Good now! I am thrilled to present my stop for my good friend C.M. Caplan’s The Fall is All There Is tour with Escapist Book Company! Below you’ll find information about the book along with an essay about the nature of being a quadruplet from the author himself!
The Fall Is All There Is by C.M. Caplan
Series: Four of Mercies #1
Intended Age Group: Adult
Published: November 1, 2022
Publisher: Razor Sharp Books (Self Published)
Content/ Trigger Warnings
Shown on Page (things clearly told to the reader):
- Drug Use
- Age gap
- Minor kink/S&M
Alluded to (things only mentioned in passing or hinted at):
- Child abuse
- Child neglect
- Child harm
- Financial abuse
- Statutory rape
- Incest (to clarify: no actual incest, but there are recounts of tabloid rumors about it)
First Person Smartass • Sorry Princess I Only Date People Who Might Stab Me • But My Whole Body is a Weapon
You never want to ruin a really good dramatic exit. When you flee home on a cyborg horse the exact second you turn eighteen, you don’t really expect to go back to the place you fled from, you know? But sometimes your old life hits you from behind.
Sometimes you spend years away from home, killing dangerous people who had the bad luck to get infected by a lungful of ghostfog, only to find out that your dad, the king, is dead, and now your siblings are ordering you back home for a high stakes family reunion.
But when you’ve got four heirs who are all the same age, the line of succession tends to get a wee bit murky. So in order to regain your independence, you’ve got to navigate a deadly web of intrigue, where every sibling wants your allegiance, and any decision might tear your country—and your family—apart.
Write What You Know – A Reflection on Being a Quadruplet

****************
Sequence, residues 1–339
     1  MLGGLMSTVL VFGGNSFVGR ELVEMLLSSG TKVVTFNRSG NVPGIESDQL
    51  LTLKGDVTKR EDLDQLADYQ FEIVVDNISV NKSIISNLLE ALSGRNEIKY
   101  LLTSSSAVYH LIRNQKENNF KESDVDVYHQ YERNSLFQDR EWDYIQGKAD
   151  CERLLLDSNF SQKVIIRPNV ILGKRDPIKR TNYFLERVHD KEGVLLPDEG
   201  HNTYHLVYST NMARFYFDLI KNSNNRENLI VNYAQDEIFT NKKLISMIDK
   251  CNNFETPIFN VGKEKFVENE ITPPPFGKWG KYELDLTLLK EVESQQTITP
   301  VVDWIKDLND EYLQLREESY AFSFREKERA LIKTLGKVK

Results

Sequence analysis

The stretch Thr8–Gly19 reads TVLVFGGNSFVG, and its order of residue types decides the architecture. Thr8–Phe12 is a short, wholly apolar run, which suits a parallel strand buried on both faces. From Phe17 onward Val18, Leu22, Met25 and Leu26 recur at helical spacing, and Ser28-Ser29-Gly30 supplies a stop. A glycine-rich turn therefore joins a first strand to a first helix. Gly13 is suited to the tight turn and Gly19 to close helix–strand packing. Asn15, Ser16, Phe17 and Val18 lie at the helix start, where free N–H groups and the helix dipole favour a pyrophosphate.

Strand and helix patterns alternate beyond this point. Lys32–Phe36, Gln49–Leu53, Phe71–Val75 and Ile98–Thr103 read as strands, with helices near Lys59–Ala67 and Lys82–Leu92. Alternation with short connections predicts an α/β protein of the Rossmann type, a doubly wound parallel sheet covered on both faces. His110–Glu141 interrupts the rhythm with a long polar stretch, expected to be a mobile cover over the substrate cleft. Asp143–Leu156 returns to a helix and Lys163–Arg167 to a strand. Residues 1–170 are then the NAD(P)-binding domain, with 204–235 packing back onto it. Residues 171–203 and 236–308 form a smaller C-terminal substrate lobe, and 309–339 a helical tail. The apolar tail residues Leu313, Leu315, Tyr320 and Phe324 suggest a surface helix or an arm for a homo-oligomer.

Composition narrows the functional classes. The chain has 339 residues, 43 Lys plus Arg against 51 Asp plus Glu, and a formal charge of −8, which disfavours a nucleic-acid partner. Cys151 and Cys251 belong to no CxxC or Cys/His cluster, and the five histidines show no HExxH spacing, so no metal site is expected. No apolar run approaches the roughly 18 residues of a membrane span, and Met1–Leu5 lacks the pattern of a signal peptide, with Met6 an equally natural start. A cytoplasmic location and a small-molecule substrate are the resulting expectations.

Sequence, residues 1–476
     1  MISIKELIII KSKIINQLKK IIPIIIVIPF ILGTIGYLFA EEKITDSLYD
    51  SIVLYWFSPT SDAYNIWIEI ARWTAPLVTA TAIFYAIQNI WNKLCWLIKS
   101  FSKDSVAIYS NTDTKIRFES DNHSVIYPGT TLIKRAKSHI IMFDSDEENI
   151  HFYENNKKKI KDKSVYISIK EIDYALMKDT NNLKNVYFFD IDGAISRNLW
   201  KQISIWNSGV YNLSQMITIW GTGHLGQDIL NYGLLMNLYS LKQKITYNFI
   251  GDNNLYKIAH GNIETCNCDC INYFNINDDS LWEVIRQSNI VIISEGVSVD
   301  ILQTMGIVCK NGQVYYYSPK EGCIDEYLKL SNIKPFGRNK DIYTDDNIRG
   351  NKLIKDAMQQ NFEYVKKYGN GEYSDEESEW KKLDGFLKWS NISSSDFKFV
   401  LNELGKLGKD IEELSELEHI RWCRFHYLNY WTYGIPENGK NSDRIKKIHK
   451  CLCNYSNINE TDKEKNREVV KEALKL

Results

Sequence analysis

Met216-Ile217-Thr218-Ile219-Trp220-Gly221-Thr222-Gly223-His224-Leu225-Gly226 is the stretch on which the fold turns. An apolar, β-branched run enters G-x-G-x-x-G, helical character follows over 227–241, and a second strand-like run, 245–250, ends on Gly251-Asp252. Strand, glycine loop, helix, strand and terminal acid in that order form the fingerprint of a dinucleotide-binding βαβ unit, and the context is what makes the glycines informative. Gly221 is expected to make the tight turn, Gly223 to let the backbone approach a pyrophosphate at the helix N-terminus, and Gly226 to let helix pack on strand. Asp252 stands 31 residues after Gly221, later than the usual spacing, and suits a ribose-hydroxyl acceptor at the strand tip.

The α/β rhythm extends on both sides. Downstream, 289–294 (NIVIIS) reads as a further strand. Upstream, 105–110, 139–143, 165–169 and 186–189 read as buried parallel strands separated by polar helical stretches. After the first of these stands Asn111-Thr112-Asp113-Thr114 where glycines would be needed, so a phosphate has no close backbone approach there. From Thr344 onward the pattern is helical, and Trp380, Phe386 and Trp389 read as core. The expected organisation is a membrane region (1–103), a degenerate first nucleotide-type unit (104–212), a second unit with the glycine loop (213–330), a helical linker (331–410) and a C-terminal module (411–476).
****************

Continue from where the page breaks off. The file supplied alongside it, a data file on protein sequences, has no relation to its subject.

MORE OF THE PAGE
The first thing I ever learned was how to divide by four—and I don’t mean in a strictly material sense. One of the first pictures of me and my siblings growing up, after we all cleared of the health complications we developed due to being born three months early (and I finally figured out how to breathe and swallow my formula), is a picture of the four of us, all spread out in a row. I have a copy of it in my room with me as I write this. It’s one of my favorites—an illustration about how even your own birth can be about more than just you.
Some of my earliest memories involve negotiating the way the world received my identity as a quadruplet. I pin the blame mostly on the rest of the world. Because at no point did I ever feel like I had an identity outside of just myself. It was the rest of the world that had other ideas. From the moment I was born I had to convince the people around me that I was more than just one figure in a crowd of four—that I was not one quarter in a larger entity.
This, unsurprisingly, led to moments of acting out for attention, the way older siblings sometimes do when someone new enters the picture. Though in this case, in my mind, these were attempts to crowbar myself apart from the other three.